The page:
The development of more medium density housing in Australia is particularly efficient for infilling major metropolitan areas, because it takes advantage of established transport and social infrastructure.
The trend of a relatively small portion of dwellings planned across townhouses and smaller unit blocks was fairly persistent across LGA regions.
Of the 478 regions with approved dwellings over the year, an average of 14.9% of dwellings were approved as townhouses, duplexes or in unit blocks with 3 storeys or less.
This is higher than the average across existing stock, with ABS data suggesting councils currently have an average of 11.9% medium-density dwellings.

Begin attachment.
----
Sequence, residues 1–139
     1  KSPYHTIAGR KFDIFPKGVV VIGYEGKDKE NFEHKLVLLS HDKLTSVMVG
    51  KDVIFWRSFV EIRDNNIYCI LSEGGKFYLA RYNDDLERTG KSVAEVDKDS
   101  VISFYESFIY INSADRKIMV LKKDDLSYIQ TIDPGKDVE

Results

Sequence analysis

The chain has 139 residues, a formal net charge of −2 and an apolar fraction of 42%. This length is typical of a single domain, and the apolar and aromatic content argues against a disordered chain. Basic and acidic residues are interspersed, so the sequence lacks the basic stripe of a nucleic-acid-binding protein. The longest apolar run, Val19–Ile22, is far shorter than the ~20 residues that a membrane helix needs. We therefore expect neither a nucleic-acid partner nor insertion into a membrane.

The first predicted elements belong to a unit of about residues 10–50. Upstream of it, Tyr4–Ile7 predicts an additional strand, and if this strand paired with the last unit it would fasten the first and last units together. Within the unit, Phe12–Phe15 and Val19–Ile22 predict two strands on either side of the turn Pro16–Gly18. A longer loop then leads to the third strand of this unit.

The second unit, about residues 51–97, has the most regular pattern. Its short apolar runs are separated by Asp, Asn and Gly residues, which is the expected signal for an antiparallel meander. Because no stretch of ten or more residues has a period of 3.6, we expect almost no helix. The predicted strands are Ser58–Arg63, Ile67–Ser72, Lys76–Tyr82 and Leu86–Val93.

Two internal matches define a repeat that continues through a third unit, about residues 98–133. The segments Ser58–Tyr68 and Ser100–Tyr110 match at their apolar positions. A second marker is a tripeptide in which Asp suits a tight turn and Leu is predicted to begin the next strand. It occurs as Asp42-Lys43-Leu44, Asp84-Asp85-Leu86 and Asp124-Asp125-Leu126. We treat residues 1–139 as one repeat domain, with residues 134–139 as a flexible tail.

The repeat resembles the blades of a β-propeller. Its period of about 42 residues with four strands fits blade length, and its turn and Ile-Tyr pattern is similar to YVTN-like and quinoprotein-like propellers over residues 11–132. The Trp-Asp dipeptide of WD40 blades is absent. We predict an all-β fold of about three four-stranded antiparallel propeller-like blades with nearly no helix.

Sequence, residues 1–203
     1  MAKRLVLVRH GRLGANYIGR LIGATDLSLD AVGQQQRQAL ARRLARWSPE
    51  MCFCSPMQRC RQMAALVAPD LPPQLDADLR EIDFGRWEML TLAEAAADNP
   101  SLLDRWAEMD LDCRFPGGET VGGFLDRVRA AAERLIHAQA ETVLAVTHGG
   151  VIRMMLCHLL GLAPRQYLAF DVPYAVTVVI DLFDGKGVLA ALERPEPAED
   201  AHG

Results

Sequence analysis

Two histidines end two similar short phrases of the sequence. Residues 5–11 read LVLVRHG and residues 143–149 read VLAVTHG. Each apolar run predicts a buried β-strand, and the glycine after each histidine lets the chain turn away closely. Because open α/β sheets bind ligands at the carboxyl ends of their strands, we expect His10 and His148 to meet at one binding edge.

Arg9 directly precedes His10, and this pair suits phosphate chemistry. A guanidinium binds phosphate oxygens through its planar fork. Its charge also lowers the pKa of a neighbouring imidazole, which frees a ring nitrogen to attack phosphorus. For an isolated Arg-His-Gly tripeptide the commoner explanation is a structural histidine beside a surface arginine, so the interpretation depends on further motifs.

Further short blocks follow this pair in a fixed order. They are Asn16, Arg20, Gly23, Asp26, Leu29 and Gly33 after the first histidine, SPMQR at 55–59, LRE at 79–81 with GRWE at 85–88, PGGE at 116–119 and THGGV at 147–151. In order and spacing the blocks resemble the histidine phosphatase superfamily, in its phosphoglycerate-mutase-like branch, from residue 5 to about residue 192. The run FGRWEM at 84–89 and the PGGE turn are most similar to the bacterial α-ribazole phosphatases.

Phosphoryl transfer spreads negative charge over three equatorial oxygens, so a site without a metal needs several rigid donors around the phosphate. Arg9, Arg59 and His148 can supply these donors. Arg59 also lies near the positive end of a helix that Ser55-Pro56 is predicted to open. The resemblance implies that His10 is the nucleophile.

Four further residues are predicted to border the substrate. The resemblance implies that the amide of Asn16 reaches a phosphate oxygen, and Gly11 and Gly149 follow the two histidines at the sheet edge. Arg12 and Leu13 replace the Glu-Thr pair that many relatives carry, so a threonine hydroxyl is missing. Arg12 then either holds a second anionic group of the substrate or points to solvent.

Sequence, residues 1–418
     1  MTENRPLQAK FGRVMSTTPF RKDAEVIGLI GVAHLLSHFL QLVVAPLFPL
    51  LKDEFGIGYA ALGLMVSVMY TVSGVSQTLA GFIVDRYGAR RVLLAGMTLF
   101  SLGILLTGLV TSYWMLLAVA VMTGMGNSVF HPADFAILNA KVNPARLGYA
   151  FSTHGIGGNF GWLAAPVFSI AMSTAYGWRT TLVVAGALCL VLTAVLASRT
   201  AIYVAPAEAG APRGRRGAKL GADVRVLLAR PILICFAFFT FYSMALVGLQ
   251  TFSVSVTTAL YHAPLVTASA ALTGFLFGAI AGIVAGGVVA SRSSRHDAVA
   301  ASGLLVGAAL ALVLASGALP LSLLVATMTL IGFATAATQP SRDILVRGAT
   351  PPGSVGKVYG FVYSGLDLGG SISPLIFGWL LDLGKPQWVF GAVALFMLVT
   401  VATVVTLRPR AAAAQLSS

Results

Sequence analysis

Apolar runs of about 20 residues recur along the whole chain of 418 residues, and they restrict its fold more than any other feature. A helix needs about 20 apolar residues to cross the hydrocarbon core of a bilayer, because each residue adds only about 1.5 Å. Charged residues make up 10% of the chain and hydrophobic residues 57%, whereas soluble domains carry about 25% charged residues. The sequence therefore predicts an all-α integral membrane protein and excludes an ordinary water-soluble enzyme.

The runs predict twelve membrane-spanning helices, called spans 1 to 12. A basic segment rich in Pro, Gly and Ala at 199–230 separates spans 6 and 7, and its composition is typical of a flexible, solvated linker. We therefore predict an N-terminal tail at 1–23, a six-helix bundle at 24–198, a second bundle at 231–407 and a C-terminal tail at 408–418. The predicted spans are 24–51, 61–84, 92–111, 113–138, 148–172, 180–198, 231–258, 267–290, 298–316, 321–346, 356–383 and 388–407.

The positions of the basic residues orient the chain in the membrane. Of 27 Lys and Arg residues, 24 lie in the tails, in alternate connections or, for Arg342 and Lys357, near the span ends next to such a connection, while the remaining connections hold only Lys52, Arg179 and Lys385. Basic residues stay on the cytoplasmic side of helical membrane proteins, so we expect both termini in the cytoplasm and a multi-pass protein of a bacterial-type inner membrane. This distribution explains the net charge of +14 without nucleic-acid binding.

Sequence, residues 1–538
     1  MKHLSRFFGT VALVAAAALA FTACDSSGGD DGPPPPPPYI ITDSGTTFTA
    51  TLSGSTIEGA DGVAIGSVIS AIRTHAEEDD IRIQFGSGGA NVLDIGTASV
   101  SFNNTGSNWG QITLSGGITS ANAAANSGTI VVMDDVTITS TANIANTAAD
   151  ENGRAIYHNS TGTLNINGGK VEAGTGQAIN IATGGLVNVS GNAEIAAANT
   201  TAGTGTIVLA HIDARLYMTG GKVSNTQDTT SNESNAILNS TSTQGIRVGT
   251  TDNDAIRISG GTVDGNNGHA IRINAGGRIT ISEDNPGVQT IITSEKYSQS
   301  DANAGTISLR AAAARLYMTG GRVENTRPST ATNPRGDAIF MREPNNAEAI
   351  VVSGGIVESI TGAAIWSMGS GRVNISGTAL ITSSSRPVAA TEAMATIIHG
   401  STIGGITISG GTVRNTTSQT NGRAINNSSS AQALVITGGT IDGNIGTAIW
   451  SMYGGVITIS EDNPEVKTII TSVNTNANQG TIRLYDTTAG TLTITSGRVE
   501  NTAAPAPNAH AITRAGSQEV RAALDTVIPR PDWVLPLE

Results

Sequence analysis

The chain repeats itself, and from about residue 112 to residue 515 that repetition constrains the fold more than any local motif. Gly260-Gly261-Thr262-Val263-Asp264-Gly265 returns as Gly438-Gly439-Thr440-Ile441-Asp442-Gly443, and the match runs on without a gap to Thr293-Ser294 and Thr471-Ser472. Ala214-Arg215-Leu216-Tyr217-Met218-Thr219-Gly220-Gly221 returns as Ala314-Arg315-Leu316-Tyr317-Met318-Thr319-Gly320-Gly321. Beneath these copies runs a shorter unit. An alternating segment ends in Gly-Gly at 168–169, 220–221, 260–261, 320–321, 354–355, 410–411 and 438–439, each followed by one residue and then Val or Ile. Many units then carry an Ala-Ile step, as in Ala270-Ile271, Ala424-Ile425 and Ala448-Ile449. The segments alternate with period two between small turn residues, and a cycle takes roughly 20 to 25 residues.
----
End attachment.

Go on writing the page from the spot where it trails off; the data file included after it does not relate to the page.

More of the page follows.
As dwelling prices are expected to continue rising in 2020, and affordability resurges as an issue for buyers, demand for cheaper housing options will only rise. If development continues to focus on the two extremes of density, metropolitan areas may see an erosion of diverse age and family demographics.
The below chart of dwelling approvals summarises the situation at the national level:
As shown above, there were 26,100 townhouses approved in the year to November 2019, representing only 15% of total dwellings approved across Australia.
The situation is similar in NSW and VIC, which are Australia’s two fastest growing jurisdictions:
Townhouses represented only 16% and 17% of dwelling approvals across NSW and VIC in the year to November 2019.
That said, believing that the “missing middle” can solve Australia’s housing supply and affordability issues is a pipe dream.